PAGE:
The third year of Let’s Play Music is very fun and very full—jam packed with learning to play scales and chords in different keys, learning to improvise and transpose, learning to count music properly in different time signatures, and the coup de gras—composing an original piece to play at the recital.
Students begin thinking of ideas for the composition in January when Orange Roots semester begins.
We talk about inspiration and what they, the student, gets excited about. We talk about how music can tell a story, just like a book can, and how music follows patterns, just like books do. We explore different sounds on the piano, e.g “What would it sound like if it was raining outside?” “What does an elephant walking sound like on the piano?”
In mid-February we are ready to begin putting notes down on the manuscript paper. Students (and parents) often feel apprehensive about beginning a composition. But, after meeting one-on-one with the teacher to begin their composition, they leave their lesson feeling excited about going home and adding to what they just wrote.
Students spend the next few weeks making changes and adding new ideas to their composition. Once again, there is a lesson, one-on-one with the teacher, at the end of March where students will put the finishing touches on their masterpiece.
Then they begin practicing for the recital. Parents are often surprised that a student will need to practice something they wrote themselves. Let’s Play Music students are often able to write and play music that is beyond their ability to read music, so practice is necessary.
The recital is truly a time of celebration! Each student has progressed at their own pace, but we celebrate where they are right now!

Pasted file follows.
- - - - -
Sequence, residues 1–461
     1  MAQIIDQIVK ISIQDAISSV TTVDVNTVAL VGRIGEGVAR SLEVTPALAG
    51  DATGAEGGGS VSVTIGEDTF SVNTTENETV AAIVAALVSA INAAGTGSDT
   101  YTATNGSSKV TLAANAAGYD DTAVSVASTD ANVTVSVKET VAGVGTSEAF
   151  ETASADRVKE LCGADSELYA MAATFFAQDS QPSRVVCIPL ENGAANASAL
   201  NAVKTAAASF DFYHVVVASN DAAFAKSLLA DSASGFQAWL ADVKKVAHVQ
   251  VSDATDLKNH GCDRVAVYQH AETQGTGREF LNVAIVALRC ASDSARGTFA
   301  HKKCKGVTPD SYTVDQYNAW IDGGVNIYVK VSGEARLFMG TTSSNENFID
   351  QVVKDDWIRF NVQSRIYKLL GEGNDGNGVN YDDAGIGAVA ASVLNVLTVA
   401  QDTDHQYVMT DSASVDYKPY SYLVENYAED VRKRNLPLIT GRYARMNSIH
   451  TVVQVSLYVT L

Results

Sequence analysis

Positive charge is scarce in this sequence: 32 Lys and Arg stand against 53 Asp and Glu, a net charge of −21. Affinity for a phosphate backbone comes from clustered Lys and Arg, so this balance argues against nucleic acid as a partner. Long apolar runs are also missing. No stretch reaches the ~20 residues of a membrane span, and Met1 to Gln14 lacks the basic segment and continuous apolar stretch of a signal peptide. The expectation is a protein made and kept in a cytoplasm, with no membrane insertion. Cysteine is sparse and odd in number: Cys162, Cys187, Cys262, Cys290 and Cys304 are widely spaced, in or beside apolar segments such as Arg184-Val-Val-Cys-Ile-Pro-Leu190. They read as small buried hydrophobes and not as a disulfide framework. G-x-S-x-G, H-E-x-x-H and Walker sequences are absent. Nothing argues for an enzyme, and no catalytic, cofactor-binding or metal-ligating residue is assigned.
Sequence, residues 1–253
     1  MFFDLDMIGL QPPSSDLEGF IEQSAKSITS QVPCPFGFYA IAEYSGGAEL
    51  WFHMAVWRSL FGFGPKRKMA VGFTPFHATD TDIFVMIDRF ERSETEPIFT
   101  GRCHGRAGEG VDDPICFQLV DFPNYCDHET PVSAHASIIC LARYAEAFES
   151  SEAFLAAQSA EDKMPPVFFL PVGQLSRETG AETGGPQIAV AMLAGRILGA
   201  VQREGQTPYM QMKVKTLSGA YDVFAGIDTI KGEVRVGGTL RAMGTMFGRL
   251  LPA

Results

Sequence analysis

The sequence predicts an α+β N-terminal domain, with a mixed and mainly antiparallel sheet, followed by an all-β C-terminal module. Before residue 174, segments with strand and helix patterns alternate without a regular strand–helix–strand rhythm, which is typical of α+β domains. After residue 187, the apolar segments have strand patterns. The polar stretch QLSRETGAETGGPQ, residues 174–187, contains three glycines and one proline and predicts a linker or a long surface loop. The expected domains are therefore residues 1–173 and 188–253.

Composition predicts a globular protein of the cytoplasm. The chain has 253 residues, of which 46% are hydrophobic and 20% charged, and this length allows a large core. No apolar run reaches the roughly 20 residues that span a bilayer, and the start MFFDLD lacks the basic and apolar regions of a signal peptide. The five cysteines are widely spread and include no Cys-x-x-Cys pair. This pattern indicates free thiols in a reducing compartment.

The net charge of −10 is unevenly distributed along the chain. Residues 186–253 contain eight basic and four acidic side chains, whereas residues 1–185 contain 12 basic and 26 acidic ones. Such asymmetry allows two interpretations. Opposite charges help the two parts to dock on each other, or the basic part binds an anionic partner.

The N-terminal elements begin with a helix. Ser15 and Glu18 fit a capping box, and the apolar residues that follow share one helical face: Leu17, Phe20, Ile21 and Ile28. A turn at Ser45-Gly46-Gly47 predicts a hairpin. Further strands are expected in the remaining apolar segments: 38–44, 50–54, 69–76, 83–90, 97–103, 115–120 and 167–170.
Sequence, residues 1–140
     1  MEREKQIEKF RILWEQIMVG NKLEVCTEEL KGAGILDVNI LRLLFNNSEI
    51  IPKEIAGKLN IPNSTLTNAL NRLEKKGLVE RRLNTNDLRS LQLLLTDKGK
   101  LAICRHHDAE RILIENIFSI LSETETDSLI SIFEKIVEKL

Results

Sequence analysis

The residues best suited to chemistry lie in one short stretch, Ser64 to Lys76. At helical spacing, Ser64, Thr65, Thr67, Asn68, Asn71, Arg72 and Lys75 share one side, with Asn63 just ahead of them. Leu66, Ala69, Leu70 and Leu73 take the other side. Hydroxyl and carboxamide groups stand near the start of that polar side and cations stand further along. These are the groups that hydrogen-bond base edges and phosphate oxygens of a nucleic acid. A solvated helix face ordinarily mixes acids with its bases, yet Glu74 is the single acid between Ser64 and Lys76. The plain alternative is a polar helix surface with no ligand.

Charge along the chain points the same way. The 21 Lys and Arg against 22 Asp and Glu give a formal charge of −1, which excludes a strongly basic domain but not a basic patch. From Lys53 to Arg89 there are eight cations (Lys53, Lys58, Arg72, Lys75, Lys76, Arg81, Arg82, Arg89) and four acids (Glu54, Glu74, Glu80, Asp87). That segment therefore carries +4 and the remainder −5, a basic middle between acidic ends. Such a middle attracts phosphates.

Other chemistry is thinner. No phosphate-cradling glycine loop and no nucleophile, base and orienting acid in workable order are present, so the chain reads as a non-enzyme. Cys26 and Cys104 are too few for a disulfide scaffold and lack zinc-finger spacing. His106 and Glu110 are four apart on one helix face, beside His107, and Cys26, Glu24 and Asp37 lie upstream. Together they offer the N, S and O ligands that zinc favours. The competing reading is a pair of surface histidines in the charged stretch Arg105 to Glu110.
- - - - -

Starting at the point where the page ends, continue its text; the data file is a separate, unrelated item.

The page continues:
Parents are an integral part of the Let’s Play Music program. This program is successful because of dedicated parents who come to class with their child and follow up with practice time at home. Sometimes practicing is not fun and life gets in the way, but LPM parents are truly the best! Why? Because they have committed to helping their child through this wonderful program and have given them the gift of music. At the recital we always take time to honor the parents and their contribution to the child.
Let’s Play Music graduates are ready to enter private lessons and be successful. They have been given the tools for a strong musical foundation and been taught successful practice techniques. They have learned to intelligently listen to classical music and recognize classical form. Their ears, eyes, fingers, and voices have been trained to help them decipher and play difficult music passages. But, most of all, they have learned that they can do hard things, and for this, we celebrate!